We’re very sorry to be missing the always wonderful Sculpture by the Sea event in Sydney this year, but the Dutch have sculpture by the North Sea too.
Googling the American sculptor Tom Otterness, after seeing his work by the beach in Scheveningen, I read that he once filmed himself shooting a dog, for an art film. It cost him some lucrative commissions. He apologised. Not good enough, say some of his critics. He killed the dog in 1977, when he was 25. Is all forgiven? Is it okay to enjoy his work now?
Mr Otterness has also attracted controversy for his sculptures in New York’s subways, where his quirky little bronze characters are rather heavy-handed parodies of the uncaring rich and privileged. Having been handsomely rewarded for his work, the artist is probably rich and privileged himself. Should this disqualify him from commenting on social inequality?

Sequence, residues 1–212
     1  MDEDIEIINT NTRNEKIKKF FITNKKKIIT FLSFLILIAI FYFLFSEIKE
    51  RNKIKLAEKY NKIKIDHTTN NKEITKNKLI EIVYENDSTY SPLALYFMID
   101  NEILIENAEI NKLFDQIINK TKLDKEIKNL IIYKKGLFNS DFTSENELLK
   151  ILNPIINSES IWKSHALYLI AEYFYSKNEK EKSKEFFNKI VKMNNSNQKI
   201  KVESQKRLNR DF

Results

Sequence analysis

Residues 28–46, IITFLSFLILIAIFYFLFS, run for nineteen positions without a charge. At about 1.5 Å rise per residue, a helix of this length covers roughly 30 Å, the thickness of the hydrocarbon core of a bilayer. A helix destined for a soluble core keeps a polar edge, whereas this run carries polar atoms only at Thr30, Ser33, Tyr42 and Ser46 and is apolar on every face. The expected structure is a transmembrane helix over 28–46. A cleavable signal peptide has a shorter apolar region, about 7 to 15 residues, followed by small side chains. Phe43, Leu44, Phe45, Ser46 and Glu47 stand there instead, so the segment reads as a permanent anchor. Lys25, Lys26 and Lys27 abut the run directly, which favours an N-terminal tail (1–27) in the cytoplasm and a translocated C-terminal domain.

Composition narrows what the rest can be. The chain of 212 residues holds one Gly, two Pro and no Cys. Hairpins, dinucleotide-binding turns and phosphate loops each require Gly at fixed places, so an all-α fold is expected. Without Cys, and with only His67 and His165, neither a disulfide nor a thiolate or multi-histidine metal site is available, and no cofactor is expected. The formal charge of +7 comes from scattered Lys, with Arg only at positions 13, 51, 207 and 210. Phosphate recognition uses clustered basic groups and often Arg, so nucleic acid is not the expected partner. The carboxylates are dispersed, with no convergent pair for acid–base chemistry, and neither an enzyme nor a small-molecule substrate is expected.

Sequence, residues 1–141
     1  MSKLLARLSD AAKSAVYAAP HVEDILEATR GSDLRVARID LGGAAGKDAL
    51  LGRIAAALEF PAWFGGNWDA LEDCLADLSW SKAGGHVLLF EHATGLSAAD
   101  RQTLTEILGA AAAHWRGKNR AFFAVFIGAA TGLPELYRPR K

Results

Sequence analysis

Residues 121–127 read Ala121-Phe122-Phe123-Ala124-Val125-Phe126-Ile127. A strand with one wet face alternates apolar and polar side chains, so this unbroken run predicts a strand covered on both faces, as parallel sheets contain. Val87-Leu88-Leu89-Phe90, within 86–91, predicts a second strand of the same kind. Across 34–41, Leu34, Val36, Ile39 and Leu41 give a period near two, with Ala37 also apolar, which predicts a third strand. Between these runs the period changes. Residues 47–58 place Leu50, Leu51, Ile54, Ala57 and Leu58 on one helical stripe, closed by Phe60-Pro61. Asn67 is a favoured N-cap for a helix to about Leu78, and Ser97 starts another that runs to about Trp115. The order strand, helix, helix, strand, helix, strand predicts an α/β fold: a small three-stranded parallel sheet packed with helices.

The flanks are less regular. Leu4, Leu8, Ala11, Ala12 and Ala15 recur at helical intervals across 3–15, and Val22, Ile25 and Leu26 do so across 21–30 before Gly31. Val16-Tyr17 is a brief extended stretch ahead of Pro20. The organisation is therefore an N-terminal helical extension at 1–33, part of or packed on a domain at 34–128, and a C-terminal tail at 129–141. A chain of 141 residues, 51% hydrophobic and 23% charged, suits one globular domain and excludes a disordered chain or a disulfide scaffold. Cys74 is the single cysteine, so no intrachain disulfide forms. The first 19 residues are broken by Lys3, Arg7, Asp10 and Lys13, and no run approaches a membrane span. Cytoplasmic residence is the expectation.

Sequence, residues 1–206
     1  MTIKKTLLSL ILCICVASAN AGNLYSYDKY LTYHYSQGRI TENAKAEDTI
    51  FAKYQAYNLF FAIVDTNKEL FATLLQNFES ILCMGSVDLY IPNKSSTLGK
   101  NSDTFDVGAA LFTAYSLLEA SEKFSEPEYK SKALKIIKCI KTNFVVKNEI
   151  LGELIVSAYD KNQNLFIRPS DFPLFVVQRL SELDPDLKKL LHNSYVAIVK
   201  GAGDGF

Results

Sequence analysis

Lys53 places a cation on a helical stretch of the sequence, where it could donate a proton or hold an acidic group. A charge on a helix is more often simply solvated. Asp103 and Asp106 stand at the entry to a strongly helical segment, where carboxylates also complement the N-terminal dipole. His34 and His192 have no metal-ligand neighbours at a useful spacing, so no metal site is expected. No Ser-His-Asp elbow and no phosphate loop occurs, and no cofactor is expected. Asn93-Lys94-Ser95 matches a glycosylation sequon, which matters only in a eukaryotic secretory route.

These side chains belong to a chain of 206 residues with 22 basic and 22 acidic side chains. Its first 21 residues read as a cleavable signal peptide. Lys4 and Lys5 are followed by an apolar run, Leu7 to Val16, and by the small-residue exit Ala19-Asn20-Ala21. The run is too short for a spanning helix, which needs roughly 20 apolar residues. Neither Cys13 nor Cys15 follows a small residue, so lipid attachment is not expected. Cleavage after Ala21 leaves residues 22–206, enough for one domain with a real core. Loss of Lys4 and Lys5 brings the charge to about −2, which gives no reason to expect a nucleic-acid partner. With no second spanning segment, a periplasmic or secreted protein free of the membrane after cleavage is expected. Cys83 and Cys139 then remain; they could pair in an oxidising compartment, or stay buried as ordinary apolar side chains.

Plenty of artists whose work we admire have lived less than admirable personal lives; Caravaggio, Genet, Polanski… Charles Dickens made a very comfortable living from expressing his empathy with the poor and downtrodden and, though a noted philanthropist, abandoned his own family.
The Otterness work at Scheveningen seems uncontroversial to us. His cartoonish figures suggest fairytales, some of which we recognise, some we don’t. They may not be great art, but they certainly charm, intrigue and brighten up the waterfront outside the excellent Museum Beelden aan Zee.
What do you think?